Considerations and rationale

Currently (non-integrated) service offering models are inefficient due to multiple and often redundant infrastructure, governances and processes. At the same time, end users overwhelmingly prefer the significant advantage of “one stop shop” vs. multiple points of contact, such as facilities, space planners, move planners, IT, lab services, equipment services, vivaria operations, etc. Although some suppliers in traditional lab services may claim to have the necessary capabilities to manage the entire scope illustrated here, no single supplier currently, to our knowledge, handles the total footprint that we envisioned in the proposed model. We further acknowledge that there is a perceived advantage to having an unbiased “agnostic” entity (that does not manufacture or commercialize lab supplies or equipment) as a business integrator. The largest gap is still at the “platform level,” as many systems are available or have been developed ad hoc and there is therefore an opportunity to rationalize and simplify infrastructure by adopting a single IT platform across the entire spectrum of the service portfolio.

The closest potential for playing the Integrator role exists with some of the largest IFM companies that have entered this space. In some instances, lab equipment and lab space maintenance are outsourced along with other services in an IFM contract. Increasingly, the scope of services outsourced to IFM providers includes general services such as lab space cleaning and procurement of consumables. With the increasing capability of IFM providers, the scope of services outsourced can be further expanded to include services that were traditionally considered to be core R&D. By leveraging their capabilities (infrastructure, sourcing leverage, talent management and transition expertise), the operational model and know-how of IFM companies lends itself to become the integrator of choice.

IFM suppliers as integrator

From a buyer’s perspective, the entire IFM service portfolio is outsourced to one or two suppliers that can cater to the buyer’s requirements on a global scale. Services that support this portfolio (HR, IT and procurement) are being integrated, thus increasing the value and the attractiveness of the partnership. Outsourcing complex categories with multiple services bundled under a single contract will place more pressure on suppliers, as buyers are demanding lower prices. Consequently, the buyer’s leverage in this segment will significantly increase. Additional opportunities exist within more heavily regulated environments as many of these services are required to support GxP operations. As the IFM industry matures, there is an increasing movement to support these activities and further leverage the economies of scale. The opportunity for the buyer can result in cost savings in excess of 10 to 20 percent, and buyers can enter into long-term contracts to capitalize on suppliers’ currently low operating margins.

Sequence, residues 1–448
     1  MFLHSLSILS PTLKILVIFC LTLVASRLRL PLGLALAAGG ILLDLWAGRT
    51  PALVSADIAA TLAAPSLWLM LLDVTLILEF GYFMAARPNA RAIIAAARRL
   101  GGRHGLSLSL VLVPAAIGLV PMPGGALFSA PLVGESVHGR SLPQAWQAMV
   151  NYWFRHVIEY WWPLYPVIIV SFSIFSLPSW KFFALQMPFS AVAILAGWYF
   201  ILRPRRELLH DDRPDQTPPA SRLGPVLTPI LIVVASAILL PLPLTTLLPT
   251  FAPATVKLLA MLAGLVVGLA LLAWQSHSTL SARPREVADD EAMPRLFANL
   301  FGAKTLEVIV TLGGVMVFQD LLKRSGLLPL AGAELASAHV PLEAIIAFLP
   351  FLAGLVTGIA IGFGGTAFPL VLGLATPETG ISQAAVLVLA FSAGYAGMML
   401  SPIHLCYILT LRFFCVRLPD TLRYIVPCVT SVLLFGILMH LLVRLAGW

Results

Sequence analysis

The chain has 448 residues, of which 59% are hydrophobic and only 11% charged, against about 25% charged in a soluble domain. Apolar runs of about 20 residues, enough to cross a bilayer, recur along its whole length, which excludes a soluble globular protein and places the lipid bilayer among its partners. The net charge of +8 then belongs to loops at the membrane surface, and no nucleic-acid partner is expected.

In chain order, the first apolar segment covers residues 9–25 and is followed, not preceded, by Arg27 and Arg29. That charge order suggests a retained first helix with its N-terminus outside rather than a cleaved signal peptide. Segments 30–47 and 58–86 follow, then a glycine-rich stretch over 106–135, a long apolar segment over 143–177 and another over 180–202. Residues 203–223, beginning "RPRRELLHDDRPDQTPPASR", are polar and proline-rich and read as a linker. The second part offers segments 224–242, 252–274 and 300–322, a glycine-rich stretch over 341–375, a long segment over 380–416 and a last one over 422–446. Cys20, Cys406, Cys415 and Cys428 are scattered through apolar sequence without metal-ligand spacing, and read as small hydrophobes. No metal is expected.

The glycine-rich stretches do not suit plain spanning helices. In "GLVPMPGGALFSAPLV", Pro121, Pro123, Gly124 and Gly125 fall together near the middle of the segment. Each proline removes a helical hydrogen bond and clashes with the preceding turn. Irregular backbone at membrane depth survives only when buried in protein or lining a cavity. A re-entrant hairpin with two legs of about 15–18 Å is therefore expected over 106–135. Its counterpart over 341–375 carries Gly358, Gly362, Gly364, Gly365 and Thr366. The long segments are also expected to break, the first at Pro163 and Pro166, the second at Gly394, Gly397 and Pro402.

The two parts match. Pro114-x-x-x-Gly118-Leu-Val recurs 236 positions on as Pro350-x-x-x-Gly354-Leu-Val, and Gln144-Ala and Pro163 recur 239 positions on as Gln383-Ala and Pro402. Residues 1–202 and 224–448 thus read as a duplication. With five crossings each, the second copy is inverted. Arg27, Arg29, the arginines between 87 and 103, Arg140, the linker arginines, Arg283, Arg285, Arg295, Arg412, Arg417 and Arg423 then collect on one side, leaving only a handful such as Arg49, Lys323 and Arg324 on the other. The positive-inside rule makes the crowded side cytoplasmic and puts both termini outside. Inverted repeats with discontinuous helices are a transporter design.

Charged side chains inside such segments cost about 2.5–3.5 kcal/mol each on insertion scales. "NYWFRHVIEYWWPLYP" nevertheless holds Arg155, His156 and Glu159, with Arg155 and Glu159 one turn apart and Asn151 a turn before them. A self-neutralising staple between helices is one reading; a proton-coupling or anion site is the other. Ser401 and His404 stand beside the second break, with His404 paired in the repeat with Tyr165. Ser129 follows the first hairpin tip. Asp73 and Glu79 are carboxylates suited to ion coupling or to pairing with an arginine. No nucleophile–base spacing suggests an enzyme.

Market development diversification and risk management

With buyer outsourcing categories becoming more complex, suppliers must look to diversify their service portfolio. Diversification will not be through subcontracting alone, as the open-book pricing model would discourage pass-through costs. Suppliers will explore self-performing additional tasks by increasing their capabilities through strategic mergers and acquisitions. The shift of global outsourcing to a single provider will lead to increased subcontracting, which in turn will drive an increase in management fees charged to the IFM provider, which would be passed on to the client. Additionally, by increasing the scope of the service outsourced to a single integrator, the contract will become complex and will make it challenging to incorporate the KPIs across the portfolio, hence the importance of appropriate deployment of relationship management, contract governance and commercial agreement execution.